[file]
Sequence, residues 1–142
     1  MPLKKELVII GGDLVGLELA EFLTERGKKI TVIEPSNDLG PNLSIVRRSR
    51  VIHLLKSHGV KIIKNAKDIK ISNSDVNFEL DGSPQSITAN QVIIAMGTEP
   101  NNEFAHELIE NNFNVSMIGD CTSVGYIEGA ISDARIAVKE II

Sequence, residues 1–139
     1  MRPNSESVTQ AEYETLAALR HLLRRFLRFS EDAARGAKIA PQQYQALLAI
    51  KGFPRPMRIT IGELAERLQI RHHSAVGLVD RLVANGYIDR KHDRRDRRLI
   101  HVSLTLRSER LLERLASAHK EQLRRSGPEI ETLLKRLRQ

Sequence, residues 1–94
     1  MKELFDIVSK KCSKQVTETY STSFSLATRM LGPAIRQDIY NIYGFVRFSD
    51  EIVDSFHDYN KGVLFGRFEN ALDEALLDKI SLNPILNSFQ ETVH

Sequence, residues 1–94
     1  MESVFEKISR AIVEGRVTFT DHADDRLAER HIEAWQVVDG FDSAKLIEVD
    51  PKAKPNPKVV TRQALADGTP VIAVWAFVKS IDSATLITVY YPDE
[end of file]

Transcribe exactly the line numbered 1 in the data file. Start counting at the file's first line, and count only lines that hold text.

Sequence, residues 1–142